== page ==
Joe Lockhart: So handicap the Democratic convention in that terms, I mean, do you think Democrats spoke to those voters, not necessarily the hard core, but people who are persuadable or are we going down the same road we went in 2016?
Michael Steel: I have to give props to the way this convention under these circumstances has unfolded. I mean, first of the roll call of the states was historic. Yeah. It was a typical roll call of the states. Well, no, it wasn’t. And we actually got to see the country. And as I tweeted out that evening, what was what was so amazing about the way the Democrats did it? It was as if the country was nominating Joe Biden.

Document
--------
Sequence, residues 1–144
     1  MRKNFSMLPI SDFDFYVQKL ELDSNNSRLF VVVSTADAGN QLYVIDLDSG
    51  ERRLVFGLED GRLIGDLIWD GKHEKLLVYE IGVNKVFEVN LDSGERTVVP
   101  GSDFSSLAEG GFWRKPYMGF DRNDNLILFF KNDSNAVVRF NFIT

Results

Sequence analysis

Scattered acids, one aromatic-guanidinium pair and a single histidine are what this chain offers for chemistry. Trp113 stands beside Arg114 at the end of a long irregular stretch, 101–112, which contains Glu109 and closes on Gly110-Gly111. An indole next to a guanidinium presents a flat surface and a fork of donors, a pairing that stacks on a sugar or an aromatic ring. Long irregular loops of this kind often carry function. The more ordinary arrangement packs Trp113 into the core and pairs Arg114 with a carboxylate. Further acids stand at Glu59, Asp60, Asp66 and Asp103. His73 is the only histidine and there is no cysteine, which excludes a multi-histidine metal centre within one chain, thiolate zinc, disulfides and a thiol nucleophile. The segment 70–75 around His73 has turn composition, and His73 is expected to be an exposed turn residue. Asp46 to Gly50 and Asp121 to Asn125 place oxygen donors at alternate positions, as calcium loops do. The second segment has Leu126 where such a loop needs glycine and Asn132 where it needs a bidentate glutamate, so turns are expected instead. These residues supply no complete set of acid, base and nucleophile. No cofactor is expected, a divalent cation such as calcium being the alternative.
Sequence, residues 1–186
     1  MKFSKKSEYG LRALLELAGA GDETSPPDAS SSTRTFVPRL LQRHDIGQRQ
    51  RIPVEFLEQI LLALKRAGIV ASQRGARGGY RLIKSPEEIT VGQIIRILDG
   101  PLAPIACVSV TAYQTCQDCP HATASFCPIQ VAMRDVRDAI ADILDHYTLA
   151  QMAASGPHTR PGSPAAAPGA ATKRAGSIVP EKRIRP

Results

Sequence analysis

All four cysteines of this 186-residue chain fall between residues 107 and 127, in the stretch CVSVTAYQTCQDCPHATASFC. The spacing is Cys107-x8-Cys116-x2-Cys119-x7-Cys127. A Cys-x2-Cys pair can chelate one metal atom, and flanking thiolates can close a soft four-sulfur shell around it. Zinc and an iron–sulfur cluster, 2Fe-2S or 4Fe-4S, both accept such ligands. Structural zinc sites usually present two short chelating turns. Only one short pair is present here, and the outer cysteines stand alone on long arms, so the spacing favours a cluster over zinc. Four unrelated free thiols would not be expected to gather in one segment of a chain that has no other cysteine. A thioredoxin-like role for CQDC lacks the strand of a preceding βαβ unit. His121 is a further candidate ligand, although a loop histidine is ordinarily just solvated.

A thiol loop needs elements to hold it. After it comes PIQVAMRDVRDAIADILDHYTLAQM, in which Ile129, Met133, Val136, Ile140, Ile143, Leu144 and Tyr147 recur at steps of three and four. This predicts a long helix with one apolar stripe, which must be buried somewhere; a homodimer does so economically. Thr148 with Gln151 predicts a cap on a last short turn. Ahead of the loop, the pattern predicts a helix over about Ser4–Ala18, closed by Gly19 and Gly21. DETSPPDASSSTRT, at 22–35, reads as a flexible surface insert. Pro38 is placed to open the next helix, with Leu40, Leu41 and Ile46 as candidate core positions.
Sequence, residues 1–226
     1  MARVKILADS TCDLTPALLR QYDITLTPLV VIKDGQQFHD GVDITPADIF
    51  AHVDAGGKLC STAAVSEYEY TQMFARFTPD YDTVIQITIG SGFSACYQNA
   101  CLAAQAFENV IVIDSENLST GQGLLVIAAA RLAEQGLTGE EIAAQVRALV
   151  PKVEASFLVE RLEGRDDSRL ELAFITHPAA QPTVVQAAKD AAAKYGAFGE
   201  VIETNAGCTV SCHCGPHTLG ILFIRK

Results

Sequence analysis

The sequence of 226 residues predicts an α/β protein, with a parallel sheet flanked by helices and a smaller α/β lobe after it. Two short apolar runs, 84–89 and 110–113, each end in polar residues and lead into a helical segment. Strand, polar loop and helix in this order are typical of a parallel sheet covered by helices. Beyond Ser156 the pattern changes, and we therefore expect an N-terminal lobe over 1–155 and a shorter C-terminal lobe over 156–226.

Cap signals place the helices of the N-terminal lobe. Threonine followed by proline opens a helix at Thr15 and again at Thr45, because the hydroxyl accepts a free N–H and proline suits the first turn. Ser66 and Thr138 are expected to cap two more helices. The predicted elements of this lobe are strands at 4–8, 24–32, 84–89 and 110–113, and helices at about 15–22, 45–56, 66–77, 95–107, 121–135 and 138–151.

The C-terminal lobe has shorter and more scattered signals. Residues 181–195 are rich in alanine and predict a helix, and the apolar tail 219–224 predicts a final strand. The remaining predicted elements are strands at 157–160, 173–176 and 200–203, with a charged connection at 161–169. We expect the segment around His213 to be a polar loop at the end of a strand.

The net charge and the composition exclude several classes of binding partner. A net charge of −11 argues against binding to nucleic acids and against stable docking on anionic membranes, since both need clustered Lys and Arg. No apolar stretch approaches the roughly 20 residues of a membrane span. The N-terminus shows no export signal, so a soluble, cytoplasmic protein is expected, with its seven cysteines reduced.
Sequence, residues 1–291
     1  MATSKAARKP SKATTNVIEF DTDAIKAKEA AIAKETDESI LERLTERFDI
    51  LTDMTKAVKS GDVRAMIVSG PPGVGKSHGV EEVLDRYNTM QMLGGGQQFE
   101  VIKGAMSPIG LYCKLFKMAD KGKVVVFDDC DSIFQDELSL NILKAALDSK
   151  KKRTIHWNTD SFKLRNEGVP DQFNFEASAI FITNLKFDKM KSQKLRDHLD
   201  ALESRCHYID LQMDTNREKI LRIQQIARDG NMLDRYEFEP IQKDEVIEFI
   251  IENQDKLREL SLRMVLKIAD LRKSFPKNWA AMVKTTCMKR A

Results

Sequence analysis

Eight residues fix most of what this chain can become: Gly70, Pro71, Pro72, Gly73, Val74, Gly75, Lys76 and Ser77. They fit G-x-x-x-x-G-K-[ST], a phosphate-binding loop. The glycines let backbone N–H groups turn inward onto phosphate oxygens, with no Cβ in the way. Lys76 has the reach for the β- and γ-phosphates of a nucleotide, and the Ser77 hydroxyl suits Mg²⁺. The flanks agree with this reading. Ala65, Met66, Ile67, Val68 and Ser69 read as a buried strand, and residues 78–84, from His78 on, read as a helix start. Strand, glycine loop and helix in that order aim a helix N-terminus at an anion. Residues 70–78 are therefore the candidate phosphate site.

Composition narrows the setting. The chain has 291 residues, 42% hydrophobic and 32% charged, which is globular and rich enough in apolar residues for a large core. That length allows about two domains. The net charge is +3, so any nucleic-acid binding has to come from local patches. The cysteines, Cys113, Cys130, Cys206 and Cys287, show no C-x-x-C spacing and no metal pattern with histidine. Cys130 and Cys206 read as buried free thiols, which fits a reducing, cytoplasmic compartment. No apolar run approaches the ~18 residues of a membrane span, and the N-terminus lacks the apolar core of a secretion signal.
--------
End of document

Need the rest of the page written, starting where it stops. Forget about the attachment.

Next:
Michael Steel: And that to me, I thought that had a really good feel to it.So to your point, Joe, I think a lot of voters probably in that moment kind of connected because they saw the farm, the grasslands in the farm fields of Kansas or Iowa. And they you know, they saw the beaches of California. I mean, for a lot of folks, it was the first time they could actually see parts of the country they’ve never been to. And so it was I thought it was very moving. I thought I think the speeches have been great because they’ve been limited, you know, so people have time to actually digest it and focus. So, yeah, I think I think that they’re going to find the Democrats, I think Tom Perez has done a tremendous job managing something that arguably potentially could be unmanageable. And I think they’re going to find a benefit from that, from the voters who say, “Yeah, you know what, I have a problem with some of the somewhere where the Democrats want to go on policy issues. I’m not I’m not down with this whole, you know, X, Y or Z fill in the blank,” but in answering the question about how we move off of crazy. And how we come to a place where we begin to reestablish our relationships around the globe and here at home and how we begin to deal seriously with Covid-19 and the flatlining of the economy, et cetera, et cetera, I think they’ve made a relatively good case.